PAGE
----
VAT for business: everything you need to know
Your business may not have reached the threshold for VAT (Value Added Tax) on goods and services just yet.
However, could your business benefit from registering for VAT early? If so, what’s the best VAT scheme for your business? VAT is a lot more complicated than just slapping the default rate of 20% onto goods and services.
It’s important for businesses to understand both the risks and opportunities surrounding VAT to effectively manage this tax. In this blog, our accounting firm takes you through everything you need to know about VAT for business.
What is the VAT threshold for UK businesses?
The VAT registration threshold in the UK currently stands at £85,000. If your company’s annual turnover exceeds this threshold, you must register for VAT.
The threshold for VAT does change. In 2016 it was £83,000 before increasing to £85,000 in April 2017. Failing to register for VAT can mean a fine from HMRC and paying the VAT paid had you registered within 30 days of reaching the threshold.
For example, a business whose turnover exceeds the threshold on 30 September 2018 will need to register for VAT on 1 November 2018.
What VAT rate should I pay?
The standard rate for VAT is 20% for most goods and services.
There is a reduced VAT rate of 5% on goods and services such as:
- Children’s car seats
- Energy and Power
- mobility aids for older people, provided they’re for someone over 60 and the aids are installed in their home
The zero rate for VAT still means you need to charge your customers VAT, but this is at 0%. You’re still required to keep records for VAT and complete a VAT return.
The zero rate for VAT is charged on goods and services such as:
- most food
- books and newspapers
- children’s clothes and shoes
- motorcycle helmets
- most goods you export to non-EU countries
- goods you supply to a VAT-registered EU business – you can check if the VAT number is valid
Choosing a VAT scheme
The usual method for businesses is to keep up-to-date records of all purchases and sales. This can easily be done using accounting software to capture VAT data automatically. With HMRC’s (Her Majesty’s Revenue & Customs) Making Tax Digital for VAT set to come into force in April 2019, this method of record keeping will become the only logical option for businesses – rather than keeping paper records.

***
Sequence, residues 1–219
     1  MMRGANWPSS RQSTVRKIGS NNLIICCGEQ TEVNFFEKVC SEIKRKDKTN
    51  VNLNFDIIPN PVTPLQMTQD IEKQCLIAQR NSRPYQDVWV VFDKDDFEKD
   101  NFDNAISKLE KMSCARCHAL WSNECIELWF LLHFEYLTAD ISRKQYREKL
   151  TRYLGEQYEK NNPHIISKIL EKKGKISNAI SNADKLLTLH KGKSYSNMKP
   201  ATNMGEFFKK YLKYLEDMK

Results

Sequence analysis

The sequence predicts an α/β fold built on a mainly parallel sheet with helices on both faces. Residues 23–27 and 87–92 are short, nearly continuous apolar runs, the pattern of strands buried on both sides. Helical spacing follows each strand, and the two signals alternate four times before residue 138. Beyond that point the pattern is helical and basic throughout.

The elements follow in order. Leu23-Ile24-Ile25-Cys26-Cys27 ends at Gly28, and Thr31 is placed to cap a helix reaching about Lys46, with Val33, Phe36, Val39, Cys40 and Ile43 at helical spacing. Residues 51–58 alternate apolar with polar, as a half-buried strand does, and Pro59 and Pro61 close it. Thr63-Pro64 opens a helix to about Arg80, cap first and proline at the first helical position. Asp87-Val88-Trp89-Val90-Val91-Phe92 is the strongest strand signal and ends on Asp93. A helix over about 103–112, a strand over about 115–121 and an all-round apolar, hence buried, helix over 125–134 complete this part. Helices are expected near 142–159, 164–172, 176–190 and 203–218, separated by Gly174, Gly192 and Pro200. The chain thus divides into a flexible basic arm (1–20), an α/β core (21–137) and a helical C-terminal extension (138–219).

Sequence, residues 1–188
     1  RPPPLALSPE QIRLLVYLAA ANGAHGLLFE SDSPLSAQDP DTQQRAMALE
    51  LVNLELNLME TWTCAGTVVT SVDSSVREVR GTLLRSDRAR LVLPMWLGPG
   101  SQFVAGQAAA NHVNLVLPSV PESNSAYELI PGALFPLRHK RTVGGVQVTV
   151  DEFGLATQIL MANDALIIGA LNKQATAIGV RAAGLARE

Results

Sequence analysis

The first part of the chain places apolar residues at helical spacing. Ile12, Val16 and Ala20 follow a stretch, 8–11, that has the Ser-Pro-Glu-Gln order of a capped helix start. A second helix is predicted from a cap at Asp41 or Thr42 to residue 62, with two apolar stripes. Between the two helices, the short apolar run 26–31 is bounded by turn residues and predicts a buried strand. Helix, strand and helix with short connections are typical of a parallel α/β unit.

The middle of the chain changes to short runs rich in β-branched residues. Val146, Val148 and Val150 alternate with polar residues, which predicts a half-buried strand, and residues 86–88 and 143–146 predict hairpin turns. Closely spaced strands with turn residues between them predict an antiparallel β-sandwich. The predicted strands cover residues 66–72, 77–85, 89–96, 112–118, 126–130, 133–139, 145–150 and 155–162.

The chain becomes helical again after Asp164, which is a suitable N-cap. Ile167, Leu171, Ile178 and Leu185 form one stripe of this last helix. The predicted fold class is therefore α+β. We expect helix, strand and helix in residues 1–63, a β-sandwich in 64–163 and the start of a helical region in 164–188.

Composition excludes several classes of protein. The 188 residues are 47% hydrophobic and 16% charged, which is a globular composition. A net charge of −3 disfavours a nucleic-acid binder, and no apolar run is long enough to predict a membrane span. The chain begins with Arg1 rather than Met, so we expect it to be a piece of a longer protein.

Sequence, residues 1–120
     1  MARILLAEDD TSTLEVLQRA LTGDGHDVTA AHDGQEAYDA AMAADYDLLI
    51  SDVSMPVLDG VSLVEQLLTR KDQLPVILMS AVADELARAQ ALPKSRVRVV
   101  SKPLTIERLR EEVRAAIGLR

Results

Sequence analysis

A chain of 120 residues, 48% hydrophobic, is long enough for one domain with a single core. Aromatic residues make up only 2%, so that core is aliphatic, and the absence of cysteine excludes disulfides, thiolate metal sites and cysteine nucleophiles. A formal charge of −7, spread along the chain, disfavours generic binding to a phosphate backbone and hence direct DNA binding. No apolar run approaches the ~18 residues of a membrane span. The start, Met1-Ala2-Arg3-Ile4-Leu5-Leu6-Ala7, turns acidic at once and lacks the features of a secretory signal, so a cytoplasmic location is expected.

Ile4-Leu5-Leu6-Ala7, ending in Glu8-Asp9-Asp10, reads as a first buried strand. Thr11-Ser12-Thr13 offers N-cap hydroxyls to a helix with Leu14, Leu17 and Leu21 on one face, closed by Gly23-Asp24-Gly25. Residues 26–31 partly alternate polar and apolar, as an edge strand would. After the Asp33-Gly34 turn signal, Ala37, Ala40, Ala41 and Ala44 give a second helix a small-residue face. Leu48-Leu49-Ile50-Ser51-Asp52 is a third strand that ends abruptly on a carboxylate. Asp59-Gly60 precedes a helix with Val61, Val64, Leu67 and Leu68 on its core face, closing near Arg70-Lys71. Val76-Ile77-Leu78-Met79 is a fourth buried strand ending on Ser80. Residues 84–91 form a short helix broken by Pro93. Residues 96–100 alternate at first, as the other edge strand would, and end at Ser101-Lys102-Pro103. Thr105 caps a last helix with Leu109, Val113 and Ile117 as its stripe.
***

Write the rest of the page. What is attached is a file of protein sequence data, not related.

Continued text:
These records are then used to file a VAT return. There’s a possibility that you’ll get money back if you’ve had more purchases than sales.
There are other VAT schemes available to businesses:
Annual accounting VAT scheme
The annual accounting VAT scheme is similar to the usual method. However, you’re only required to complete one annual VAT return.
You are only eligible for the scheme if your estimated taxable turnover is less than £1.35m. You can then stay in the scheme if it remains below £1.6m.
Flat rate VAT scheme
Smaller businesses with annual turnovers of up to £150,000 can join this VAT scheme, whereby you simply pay a percentage of your total turnover as VAT.
The amount you pay depends on the type of business you run, with different industries having different rates. You’ll still have to charge VAT on your invoices, but you don’t have to account for the VAT details of every purchase, too. You can continue to use this scheme, providing your total business income doesn’t exceed £230,000.
If you use this scheme in your first year of registering for VAT, you can receive a 1% discount.
Cash accounting VAT scheme
With this VAT scheme, you account for VAT on the date you’re paid rather than when you send the invoice. This means you have to keep records of the actual payment date.
This is especially helpful if you have slow payers or if your business is a design agency with clients on monthly payments but annual invoices.
However, this scheme isn’t a good choice for businesses that buy many items on credit and sell without giving any. You can’t reclaim the VAT until your items are fully paid. As with the standard VAT accounting method, you must still complete your quarterly returns.